It is the cheapest, nastiest type of populism that takes a minority group of people and marks it as responsible for the country’s ills. Our voices are not heard when we start to see this happening, and they are not heard when it is in full swing. We are not listened to when we see the growing danger, alter our way of talking or dressing to avoid confrontation and see people voicing a very dangerous rhetoric become ratified and established within parliaments as if their violence and bile was completely normal and valid. It is the normalisation of the abnormal, which began a few years ago in Europe and was given the seal of approval through the anomaly of the Trump presidency.

Taking the example of Golden Dawn, I and other observers were worried about them long before they gained any sort of real power. But immigrants were repeatedly told that they were no big deal, in a country where we around us could feel the hostility rising, and felt powerless because we don’t enjoy the right to vote. And since we can’t influence the vote, in Greece at least, political parties practically fell over each other to court the far-right voting pool into their own parties in their never-ending race to the very bottom. In doing so, they normalised racism to a degree that I had not seen before. “Yes, but” became standard fare in conversations with people who I knew, who knew me, and who still yes butted their way through discussions on immigration with me.  

Violence and the populism in Greece escalated hand in hand, and we know what happened next. With a neonazi group safely established in parliament, people still don’t believe us immigrants when we tell them about the racism we’ve experienced. I have been asked to list incidences of violence when talking about racism, as if being kicked, beaten, knifed or spat at is the only type of racism that counts.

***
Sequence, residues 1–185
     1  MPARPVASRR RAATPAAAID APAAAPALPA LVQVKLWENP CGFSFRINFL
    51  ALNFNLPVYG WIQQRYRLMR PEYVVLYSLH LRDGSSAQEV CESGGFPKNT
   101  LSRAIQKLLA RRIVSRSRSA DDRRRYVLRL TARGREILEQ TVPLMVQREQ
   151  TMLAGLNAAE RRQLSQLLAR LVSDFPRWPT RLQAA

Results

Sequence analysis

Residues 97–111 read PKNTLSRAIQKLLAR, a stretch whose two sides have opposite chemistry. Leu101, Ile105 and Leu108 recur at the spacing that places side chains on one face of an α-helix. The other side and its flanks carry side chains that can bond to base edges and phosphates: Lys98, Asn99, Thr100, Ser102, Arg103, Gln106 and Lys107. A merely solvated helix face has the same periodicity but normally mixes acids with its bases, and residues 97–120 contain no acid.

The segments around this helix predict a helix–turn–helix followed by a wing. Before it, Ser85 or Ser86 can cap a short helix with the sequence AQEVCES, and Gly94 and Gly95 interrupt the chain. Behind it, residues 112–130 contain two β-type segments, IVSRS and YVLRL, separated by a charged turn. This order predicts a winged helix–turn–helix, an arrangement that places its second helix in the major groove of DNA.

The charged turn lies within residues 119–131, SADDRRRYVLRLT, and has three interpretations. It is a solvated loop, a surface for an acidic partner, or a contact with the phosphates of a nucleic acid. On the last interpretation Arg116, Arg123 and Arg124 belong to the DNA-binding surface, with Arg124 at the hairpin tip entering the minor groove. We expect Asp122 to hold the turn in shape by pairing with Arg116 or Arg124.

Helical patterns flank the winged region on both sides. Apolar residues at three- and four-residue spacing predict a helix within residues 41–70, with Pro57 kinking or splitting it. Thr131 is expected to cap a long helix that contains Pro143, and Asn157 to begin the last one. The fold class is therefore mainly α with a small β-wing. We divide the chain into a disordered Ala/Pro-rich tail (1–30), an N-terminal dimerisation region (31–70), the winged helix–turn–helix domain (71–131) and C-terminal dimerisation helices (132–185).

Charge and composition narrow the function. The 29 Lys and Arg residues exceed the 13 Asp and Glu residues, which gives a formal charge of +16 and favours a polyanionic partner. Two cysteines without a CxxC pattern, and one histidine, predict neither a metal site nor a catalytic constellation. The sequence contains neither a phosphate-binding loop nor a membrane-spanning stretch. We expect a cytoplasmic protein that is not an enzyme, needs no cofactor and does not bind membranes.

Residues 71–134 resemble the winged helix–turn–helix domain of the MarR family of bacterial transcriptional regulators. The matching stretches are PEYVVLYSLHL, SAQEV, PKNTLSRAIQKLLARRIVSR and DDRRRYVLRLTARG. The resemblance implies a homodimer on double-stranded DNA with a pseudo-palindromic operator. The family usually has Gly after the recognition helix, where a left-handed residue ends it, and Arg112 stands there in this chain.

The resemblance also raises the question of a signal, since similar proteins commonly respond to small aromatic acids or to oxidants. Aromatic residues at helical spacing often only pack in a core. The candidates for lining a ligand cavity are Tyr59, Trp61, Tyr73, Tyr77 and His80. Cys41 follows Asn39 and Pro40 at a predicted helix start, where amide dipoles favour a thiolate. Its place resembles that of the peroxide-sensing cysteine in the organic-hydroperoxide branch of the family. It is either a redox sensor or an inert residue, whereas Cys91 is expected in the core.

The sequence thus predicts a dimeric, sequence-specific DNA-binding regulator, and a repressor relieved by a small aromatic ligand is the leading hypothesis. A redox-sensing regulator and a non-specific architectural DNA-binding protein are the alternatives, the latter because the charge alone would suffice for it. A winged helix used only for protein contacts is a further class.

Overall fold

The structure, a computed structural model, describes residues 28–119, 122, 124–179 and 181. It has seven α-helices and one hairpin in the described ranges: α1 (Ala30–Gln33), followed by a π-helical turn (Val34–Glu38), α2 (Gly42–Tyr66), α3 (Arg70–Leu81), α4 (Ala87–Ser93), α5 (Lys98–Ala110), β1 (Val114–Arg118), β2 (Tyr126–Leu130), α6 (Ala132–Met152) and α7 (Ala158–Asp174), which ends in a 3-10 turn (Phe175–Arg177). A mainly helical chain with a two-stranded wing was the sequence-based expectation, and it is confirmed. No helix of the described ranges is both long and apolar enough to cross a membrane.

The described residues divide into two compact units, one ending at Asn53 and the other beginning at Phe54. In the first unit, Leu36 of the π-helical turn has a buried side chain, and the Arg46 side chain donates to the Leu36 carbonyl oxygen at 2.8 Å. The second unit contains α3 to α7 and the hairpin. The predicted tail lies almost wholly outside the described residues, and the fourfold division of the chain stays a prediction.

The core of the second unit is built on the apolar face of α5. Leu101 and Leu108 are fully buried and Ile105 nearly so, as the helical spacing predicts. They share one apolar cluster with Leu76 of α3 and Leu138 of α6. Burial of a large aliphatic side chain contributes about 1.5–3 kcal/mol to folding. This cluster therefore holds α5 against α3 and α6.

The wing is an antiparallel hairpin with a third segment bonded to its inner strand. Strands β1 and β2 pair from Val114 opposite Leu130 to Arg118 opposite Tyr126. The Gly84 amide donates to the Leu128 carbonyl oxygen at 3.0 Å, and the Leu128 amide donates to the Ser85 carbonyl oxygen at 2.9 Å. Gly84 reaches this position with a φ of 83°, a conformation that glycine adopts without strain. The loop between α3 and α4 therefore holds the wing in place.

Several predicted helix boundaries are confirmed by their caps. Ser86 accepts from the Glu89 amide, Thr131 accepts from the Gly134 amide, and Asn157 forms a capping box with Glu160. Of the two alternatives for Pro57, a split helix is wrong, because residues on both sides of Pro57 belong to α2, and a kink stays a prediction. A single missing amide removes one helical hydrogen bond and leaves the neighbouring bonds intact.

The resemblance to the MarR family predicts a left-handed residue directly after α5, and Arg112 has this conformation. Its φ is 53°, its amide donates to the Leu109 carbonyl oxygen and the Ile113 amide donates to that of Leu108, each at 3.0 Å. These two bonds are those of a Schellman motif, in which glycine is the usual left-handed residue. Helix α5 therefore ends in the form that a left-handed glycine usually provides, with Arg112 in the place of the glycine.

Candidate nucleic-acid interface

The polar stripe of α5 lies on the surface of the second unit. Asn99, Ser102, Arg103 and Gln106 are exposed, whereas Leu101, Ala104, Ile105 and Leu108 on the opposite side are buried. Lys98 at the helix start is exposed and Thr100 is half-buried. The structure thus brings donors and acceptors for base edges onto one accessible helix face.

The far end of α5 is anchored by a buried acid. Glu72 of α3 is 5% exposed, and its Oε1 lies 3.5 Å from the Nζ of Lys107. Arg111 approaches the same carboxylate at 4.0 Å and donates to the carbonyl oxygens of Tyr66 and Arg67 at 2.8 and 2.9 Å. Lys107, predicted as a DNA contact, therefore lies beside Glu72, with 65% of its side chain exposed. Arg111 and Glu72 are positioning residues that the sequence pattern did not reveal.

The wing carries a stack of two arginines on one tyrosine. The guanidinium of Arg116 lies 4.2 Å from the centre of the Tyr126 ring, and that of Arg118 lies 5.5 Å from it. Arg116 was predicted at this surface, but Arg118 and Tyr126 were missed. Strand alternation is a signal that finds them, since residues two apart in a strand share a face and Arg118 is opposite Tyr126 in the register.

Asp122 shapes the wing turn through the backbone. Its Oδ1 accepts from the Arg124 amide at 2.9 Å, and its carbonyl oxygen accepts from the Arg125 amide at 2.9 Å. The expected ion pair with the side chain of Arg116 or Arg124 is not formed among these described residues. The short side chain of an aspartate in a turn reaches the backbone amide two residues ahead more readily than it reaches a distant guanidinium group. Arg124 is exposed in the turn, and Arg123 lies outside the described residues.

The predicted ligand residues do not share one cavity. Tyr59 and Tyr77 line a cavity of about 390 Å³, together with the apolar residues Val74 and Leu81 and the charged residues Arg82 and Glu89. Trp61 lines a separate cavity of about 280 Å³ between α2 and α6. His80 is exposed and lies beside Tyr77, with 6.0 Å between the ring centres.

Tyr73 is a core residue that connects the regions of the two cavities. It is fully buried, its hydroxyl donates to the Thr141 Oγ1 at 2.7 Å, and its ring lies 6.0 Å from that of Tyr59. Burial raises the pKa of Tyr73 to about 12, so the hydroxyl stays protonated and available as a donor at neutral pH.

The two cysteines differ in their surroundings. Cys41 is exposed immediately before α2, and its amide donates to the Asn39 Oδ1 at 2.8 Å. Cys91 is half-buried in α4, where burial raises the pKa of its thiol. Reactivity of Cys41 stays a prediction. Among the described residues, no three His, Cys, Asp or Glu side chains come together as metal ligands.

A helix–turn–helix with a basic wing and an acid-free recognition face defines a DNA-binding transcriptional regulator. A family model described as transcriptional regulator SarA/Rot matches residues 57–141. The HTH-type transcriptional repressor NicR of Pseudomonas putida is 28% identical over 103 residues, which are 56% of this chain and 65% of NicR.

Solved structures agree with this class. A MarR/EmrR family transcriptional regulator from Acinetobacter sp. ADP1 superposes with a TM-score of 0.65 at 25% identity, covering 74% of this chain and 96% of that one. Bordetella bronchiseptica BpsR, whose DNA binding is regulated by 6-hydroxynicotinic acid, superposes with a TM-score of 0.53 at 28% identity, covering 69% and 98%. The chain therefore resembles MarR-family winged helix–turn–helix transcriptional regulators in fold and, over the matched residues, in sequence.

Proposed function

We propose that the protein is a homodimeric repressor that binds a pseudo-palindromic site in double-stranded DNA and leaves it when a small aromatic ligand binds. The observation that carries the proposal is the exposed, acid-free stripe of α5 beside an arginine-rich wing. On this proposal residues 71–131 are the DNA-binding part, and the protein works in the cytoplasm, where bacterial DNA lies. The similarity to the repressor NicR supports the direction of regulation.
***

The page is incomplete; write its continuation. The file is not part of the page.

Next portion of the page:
One thing I’ve been told again and again is that racism is rising because “Greeks are tired of foreigners telling us what to do and bringing our country to its knees.”

There is no way to win that argument, and I’ve tried, because no matter how many times I point out that 30 years of bad governance by Greek politicians, not foreigners, destroyed the country’s economy, it will still circle back to the argument of the honourable Greek being humiliated by the rest of Europe.

In the case of Greece, the advent of the economic crisis brought about an escalation in nationalistic and plain old racist rhetoric. Politicians and the media talked about us all the time as if we couldn’t possibly follow their arguments or understand what they were saying. We were, and are, considered invisible to the point that all this can be said about us as if we’re too ignorant to understand the conversation.

I’ll admit that belonging to a group of people that gets demonised all the time is starting to get wearing. I now dread being asked where I’m from, because that once innocent question has become so loaded in the last few years. I’m tired of the elaborate process of constantly trying to reassure the other person that yes, I come from a country that Greeks lately throw around as shorthand for something grubby and unwanted, but don’t worry! Look! I fit in! I am a contributing member of society! Now please feel free to tell me your expert opinion on what my home country and its people are like, since I’m trapped in your taxi so it’s not like I would dare to contradict you anyway!